PhD Chemistry 1996
PhD Chemical engineering 2020 (fingers crossed)


It's very rare I pop by here now but this caught my eye.

I guess you've found a good reason to do a second PhD in order to keep your edge and fair enough. You'll also know what's involved on your second go and will to some degree be able to plan accordingly. But doing this alongside you job both times is not something I envy. I remember 12 to 16 hour days especially for the last couple of years as I wrote up and that I'd not wish on anyone. Admittedly I was full time and there was just the PhD.

As per Tudor Queen, how are / did you fund these PhDs? I imagine you having to pay the fees unless your company has supported you.

Ian

Brexit
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Remain and remain again here too. My biggest concern in relation to my past in research is the UK will become a backwater as regards research, to some degree excluded from collaberative research projects within the EU. Remain is the best way of projecting these relationships rather than become a technology and EU rule taker.

I'm not going to go on, but I think a set of MPs on the right of the Tory party with anti-European ideologies have managed to tap into discontent in former working class and older voters to get t the result they want.

Okay, rant time. Make our own deals - yea, they're roll overs of already existing EU deals, sometimes watered down, with the exception of Trump's chlorinated chicken deal. Make own laws - EU laws especially with employment rights seem more advanced compared to such right wingers who want employment rights stripped away. No European Court of Justice interference - I'll leave that to the lawyers, but again do I want the Tory right wing running the show here?. I'll add if we want to sell goods to our largest foreign market - the EU - we still have to adhere to EU laws and outside the EU, we will have no say in them.

IF we get a second referendum, if my home area in NE England is anything to go by, there is a lot of anger the result hasn't been implemented, which looks likely to boost the Leave vote.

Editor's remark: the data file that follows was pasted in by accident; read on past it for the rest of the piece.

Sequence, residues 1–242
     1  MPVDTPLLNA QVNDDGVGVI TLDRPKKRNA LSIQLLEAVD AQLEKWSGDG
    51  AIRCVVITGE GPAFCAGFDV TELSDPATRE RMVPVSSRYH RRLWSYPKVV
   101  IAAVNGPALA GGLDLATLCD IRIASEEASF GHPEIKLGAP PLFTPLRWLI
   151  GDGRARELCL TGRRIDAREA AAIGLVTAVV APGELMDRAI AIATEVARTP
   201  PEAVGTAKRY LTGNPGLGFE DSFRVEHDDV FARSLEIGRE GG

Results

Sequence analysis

Other leave-voting areas may have drifted to remain in the last couple of years, though I'll leave this for others to judge in such areas.


Ian

Supervisor publishing my data?
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Quote From nanbob:


Thanks for your thoughts! I've emailed my supervisors to clarify exactly what they are planning the focus of the paper to be (in case I can do another first author paper from a different angle using the data), and to ask them what happens if there is a crossover of information between the paper/my thesis. I think I've got to remember that this information is for my PhD, and not for them to justify a policy position with. If they want to use it in a way that won't compromise my PhD then that's fine for the points you raised, but otherwise they will have a different source to defend their policies :)


Once again, even if they use your data in a different way I don't see that as a problem though you are right to at least informally clarify. Your name on a paper as a co-author is normally a positive.

At most, you'd have to refer back to the paper and be clear in your thesis how you are using the data and how your methodology and aims may be different. For the sake of a few sentences or a couple of paragraphs, if there are no issues then I'd be okay with this.

Just ask to read the manuscript prior to submission to ensure there are no (normally unintentional) misrepresentations or misinterpretations of the data, raise any issues informally and once you are happy with any answers to questions you have, there shouldn't be any issues. You may even see angles taken in the paper with the data you never thought of.

Ian

MRes info?? Thanks
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Quickly, does your intended PhD start by you initially registering for an MRes or MPhil?

You already have a Masters and should have already gained some of the skills you will need for a PhD during the project period at least.

If you do an MRes then a PhD, you might be adding an extra two to three years onto your studies when you don't really need to.


Ian

Supervisor publishing my data?
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My angle is as long as your name is on the paper as an author, it's adding to your publication record and your saleability.

I would agree as long as I got to read a proof of it before it is submitted for review, so that your data and opinions are fairly represented and it originally being your project.

I knew of one supervisor who took his students' data and findings, and published it under his own name without his students' names being on the papersor consulting them. That I would regard as out of order and virtually, theft.

Ian

Is it possible to switch from full-time to part-time 1 year into an EPSRC funded PhD?